For my parents’ second full day in Israel, I had originally planned for us to take a road trip up to some of the sites in the north, like the Sea of Galilee and Nazareth. The key to this plan was getting a rental car, as my friends and I had done a few weeks prior. When we did it, it was a piece of cake. This time, Shabbat took its toll and threw a big rock in my plans. As I searched the internet for car rental companies the night before, I was stopped time and time again by the same discovery- literally none of the companies were open on Saturdays, and would not even allow for a car pick-up on that day. It was a little ridiculous. So, I reshuffled a few plans, made some calls, and decided to spend another day around Jerusalem that Saturday instead of later on in the week.
The next morning, I met up with my parents at their hotel at around 8 AM, and reviewed our new plans for the day. We would head over to the Old City to check out the Church of the Holy Sepulcher before making our way to the Mount of Olives, and finally meet up with some of my friends and roommates for dinner that night. It would be a more relaxed day of sightseeing, which may have been a blessing in disguise after the first busy day in Israel. So, we set off to walk along Jaffa Street in the direction of the Damascus Gate of the Old City. Today, Ben Yehouda Street and the area around the hotel had taken on a completely different demeanor. The usually-bustling streets were completely empty, with storefronts closed and locked, and no cars to be seen. Nothing was open. It’s a little eerie to see a popular downtown area turn into a ghost town overnight. Such are the ways of Shabbat!
As we walked into the Old City, a couple of shopkeepers along the way told us that the Dome of the Rock was also closed today, but that we were more than welcome to check out the Church of the Holy Sepulcher. The Muslim Quarter was a refreshing contrast to the absence of life on Ben Yehouda Street- Muslims don’t follow the rules of Shabbat, and Friday is their holy day and first day of the weekend, so the narrow cobblestone walkways were full of people selling goods and chatting. We made our way towards the heart of the Old City, asking for directions every few steps- the Church is much less of a monument than you would expect it to be, and is nestled in between busy streets of shops that zig-zag amongst the various quarters. Finally, I recognized a few of the shops that we were passing by from when Alex and I had accidentally run into the Church a few weeks back, and noticed a small sign in the corner of a wall that pointed to the right. We emerged through the arched stone doorway into a small courtyard rife with tourists, the Church standing right alongside the other buildings of the Old City.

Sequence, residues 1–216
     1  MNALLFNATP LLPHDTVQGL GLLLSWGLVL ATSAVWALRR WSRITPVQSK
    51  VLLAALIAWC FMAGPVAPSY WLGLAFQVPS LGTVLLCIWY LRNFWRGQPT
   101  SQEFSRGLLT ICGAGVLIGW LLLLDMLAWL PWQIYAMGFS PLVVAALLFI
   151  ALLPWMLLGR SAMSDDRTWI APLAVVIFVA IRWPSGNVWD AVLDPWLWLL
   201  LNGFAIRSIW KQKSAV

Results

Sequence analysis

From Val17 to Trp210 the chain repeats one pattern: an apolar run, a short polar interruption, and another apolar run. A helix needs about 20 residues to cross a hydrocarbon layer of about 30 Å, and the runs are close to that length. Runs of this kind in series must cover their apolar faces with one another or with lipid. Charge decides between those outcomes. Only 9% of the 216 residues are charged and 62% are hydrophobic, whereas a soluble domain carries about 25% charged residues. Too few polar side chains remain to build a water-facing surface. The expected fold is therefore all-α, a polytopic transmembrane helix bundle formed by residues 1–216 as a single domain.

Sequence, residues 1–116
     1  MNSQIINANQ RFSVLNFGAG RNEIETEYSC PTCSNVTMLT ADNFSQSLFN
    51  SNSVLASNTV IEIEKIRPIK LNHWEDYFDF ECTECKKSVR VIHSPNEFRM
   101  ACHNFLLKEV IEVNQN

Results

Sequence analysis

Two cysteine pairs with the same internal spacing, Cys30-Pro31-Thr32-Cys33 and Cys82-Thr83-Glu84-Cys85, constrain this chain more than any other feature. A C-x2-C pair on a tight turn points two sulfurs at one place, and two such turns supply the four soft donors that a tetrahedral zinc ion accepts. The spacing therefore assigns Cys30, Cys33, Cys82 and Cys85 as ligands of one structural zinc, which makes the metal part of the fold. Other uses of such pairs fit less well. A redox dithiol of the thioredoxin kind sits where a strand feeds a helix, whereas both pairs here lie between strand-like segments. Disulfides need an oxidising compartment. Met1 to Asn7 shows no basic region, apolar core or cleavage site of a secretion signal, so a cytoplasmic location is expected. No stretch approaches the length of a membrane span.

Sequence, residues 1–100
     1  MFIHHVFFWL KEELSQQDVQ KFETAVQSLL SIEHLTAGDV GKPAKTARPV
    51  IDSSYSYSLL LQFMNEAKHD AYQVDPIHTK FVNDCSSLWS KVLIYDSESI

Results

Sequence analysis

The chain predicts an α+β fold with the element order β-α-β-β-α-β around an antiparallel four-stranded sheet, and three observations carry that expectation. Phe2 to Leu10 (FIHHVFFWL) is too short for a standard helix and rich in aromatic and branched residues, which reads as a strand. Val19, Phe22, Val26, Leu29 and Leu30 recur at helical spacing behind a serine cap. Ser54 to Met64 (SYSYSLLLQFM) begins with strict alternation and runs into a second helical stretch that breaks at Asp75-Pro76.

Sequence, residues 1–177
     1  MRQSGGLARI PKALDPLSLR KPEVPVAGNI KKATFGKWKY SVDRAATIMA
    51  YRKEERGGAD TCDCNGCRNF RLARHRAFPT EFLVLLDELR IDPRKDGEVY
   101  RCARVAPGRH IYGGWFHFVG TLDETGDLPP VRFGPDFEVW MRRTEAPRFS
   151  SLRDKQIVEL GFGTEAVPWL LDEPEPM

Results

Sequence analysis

The Church of the Holy Sepulcher is the holiest Christian site in the Old City, and is the site of the last hours of Jesus. This is where, it is said, Jesus was nailed to the cross, died, and rose from the dead. It’s definitely not the most extravagant church in the world, but it has been a site of pilgrimage for centuries, and the meaning and emotion tied to it lingers in its presence. The church itself was placed here by the mother of Emperor Constantine, and the site has revealed graves, shrines, and various other churches. The Islamic Caliph Omar also visited the church in the 7th century, refusing to pray there to avoid causing his fellow Muslims to turn it into a mosque. The church has been victim to a fire and earthquake, and arguments over repairs have lead to an interesting compromise: the keys to the church are in the possession of a local Muslim family, whose job it is to unlock the doors each morning and secure them each night.
The sites within the church are organized in various “Stations of the Cross”, including where Jesus was supposedly stripped of his clothes, nailed to the cross, crucified, taken down and handed to Mary, and the stone on which his body was cleansed. The final station is the Tomb of Jesus, and the namesake of the church- the Holy Sepulchre. My parents and I made our way through each of the stations, admiring both the shrines and the other visitors around us. Faithful visitors to many holy sites are almost an attraction in and of themselves- it’s not uncommon to see people rubbing themselves on an ancient rock, kissing walls, muttering to statues, and silently weeping. We waited in line to touch the rock upon which Jesus was supposedly cruxified, standing amonst the gold and mosaic shrines filling the room. A priest stood nearby, lighting candles and urging visitors to make their visit short and sweet. He reminded us that the significance of this experience cannot be captured in the hundreds of pictures that we take- it’s “in here,” pointing to his chest.